Zircon is a colorful gem with high refraction and fire. Colorless zircon is also known for its brilliance and flashes of multicolored light, called fire. These zircon properties are close enough to the properties of diamond to account for centuries of confusion between the two gems.
Zircon has many beautiful appearances. There are earth tones, cinnamon, sherry, yellow, orange, red and the famous zircon blue colors. Its varied palette of yellow, green, red, reddish-brown, and blue hues makes it a favorite among collectors as well as informed consumers.
Zircon crystals grow in many different types of rock and possess a range of optical and physical properties.
Extensive crystal-structure damage from radioactive elements results in low zircons with much lower optical and physical properties. In extreme cases, they are practically amorphous, which means they lack an orderly crystal structure.
Virtually all the zircons used in jewelry are of the high-value type. A zircon’s classification depends on its properties, which are directly related to the amount of radiation-induced damage done to its crystal structure. Interestingly, radiation-induced crystal-structure breakdown can be reversed somewhat by heating zircon to high temperatures. High-temperature heat treatment repairs the stone’s damaged crystal structure.
Many people have heard of zircon but never seen it. That’s unfortunate because zircon is a beautiful colored stone with its own fair share of folklore and charm. In the Middle Ages, this gem was thought to induce sound sleep, drive away evil spirits, and promote riches, honor, and wisdom.
- COLOR:Blue, red, yellow, orange, brown, green
- REFRACTIVE INDEX:
- HIGH:925 to 1.984 (+/- 0.040)
- MEDIUM:875 to 1.905 (+/- 0.030)
- LOW:810 to 1.815 (+/-0.030)
- BIREFRINGENCE:000 to 0.059 (low to high)
- SPECIFIC GRAVITY:90 to 4.73
- MOHS HARDNESS:6 to 7.5 (low to high)
Red and green zircons have market value as collectors’ stones, and cat’s-eye zircons occasionally come on the market as curios. Collectors love zircon’s variety of colors, consumers seem most enamored of just one—blue. Dealers report that at least 80 percent of zircons sold are blue.
Zircons are relatively free of inclusions. But many untreated zircons have a cloudy or smoky appearance. If it’s extreme, it can be a negative factor. Most zircon that is faceted for use in jewelry is free of inclusions visible to the eye. Zircons with eye visible inclusions will drop in value.
Cutters usually fashion zircon in the brilliant style to take advantage of its luster and fire. Zircon can also be found in step cuts, which have rows of parallel facets, and mixed cuts, which are a combination of brilliant and step-cut facets.
The supply of zircon is generally limited, and typical sizes depend on color. Blue or green stones normally range from 1 carat to 10 carats and yellows and oranges up to around 5 carats. Reds and purples are usually smaller.
(Gem Encyclopedia – Zircon, 2016)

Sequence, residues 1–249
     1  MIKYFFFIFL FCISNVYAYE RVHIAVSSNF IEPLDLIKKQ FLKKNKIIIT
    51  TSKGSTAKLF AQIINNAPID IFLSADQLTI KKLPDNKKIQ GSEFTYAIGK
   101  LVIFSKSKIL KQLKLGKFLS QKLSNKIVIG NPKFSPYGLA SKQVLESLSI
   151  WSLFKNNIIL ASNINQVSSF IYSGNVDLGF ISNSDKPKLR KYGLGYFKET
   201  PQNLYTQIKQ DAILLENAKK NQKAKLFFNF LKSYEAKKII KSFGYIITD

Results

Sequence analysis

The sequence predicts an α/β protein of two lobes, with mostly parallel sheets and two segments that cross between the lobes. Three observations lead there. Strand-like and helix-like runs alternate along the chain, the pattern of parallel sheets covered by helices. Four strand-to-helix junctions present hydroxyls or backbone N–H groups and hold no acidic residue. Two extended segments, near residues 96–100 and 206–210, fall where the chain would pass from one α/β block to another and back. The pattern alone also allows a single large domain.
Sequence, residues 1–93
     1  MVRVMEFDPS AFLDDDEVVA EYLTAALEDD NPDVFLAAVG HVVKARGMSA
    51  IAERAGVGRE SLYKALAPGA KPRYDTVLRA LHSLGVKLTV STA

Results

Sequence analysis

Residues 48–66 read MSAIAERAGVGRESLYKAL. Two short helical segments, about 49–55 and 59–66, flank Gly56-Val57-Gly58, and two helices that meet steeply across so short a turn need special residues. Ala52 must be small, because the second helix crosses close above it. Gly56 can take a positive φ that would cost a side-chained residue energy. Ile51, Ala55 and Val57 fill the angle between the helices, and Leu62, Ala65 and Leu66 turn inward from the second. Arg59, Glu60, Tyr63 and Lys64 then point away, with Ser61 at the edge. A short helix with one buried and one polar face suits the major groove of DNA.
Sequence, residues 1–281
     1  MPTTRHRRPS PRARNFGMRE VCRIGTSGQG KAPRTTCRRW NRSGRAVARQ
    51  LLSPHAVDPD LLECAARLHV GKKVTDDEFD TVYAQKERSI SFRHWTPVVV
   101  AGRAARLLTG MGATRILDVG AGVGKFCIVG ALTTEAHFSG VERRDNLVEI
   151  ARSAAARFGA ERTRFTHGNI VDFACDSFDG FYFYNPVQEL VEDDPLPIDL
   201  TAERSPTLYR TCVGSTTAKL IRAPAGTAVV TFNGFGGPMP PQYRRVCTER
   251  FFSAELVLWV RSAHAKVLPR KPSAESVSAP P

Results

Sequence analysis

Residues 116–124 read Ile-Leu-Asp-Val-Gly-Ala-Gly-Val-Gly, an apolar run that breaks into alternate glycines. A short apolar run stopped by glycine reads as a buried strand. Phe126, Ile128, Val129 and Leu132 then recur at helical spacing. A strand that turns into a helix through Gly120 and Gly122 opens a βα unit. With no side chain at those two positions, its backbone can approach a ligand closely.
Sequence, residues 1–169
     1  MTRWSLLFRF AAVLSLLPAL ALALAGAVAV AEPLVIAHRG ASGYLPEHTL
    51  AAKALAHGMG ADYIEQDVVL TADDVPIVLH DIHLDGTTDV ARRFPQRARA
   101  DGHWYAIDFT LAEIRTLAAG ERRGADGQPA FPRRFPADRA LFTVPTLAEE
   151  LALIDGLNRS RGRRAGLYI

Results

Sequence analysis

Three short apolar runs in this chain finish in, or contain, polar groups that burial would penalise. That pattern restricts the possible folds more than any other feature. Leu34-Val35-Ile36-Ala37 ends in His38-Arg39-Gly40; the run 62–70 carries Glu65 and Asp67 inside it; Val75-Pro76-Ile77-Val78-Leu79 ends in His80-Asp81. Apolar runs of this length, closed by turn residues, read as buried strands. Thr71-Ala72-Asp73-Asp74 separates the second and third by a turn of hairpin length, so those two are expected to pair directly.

Tanzanite – Lush blue velvet, rich royal purple; exotic Tanzanite is only found one place on earth, in Tanzania, near Kilimanjaro.
Tanzanite’s appearance is influenced greatly by its pleochroism, which is the ability of a gemstone to show different colors when viewed in different crystal directions. Tanzanite can be violet-blue, similar to a sapphire color, or much more purplish. Often, both colors are readily visible in a stone when it is gently rocked and tilted.
Tanzanite is relatively new to the colored stone galaxy. in 1967 a Masai tribesman stumbled upon a cluster of highly transparent, intense blue crystals weathering out of the earth in Merelani, an area of northern Tanzania. He alerted a local fortune hunter, who quickly registered four mining claims. The fortune hunter hoped he’d been shown a new sapphire deposit; however, the deposit contained one of the world’s newest gems.
Within a short time, 90 more claims appeared in the same 20-square-mile area. No one was quite sure what the beautiful crystals were, but everyone wanted to lay claim to the profits they were certain to produce.
Almost overnight, tanzanite was popular with leading jewelry designers and other gem professionals, as well as with customers who had an eye for beautiful and unusual gems. The instant popularity of this transparent blue to violet to purple gem was tied to its vivid color, high clarity, and potential for large cut stones.
COLOR A deep saturated blue is the most valuable color of tanzanite. Paler tones are more affordable. Untreated, tanzanite is typically brownish. Most blue tanzanites for sale today owe their color to heat treatment, which is what reveals its attractive blues and violets. The blue crystals originally discovered by Masai tribesmen were an exception because they’d probably been exposed to a natural heat source within the earth at some point.
CLARITY Eye-visible inclusions decrease the value of tanzanite, particularly in lighter colored stones.
CUT Tanzanite is available in a wide range of shapes but cushion and oval cuts are most common.
CARAT WEIGHT Tanzanite is available in a wide variety of sizes, shapes, and faceting designs. The finest and deepest colors are usually seen in sizes over 5 carats. Smaller stones are often less intense in color.
COLOR: Blue to violet to bluish purple
REFRACTIVE INDEX: 1.691 to 1.700
BIREFRINGENCE: 0.008 to 0.013
SPECIFIC GRAVITY: 3.35
MOHS HARDNESS: 6 to 7
(Gem Encyclopedia – Tanzanite, 2016)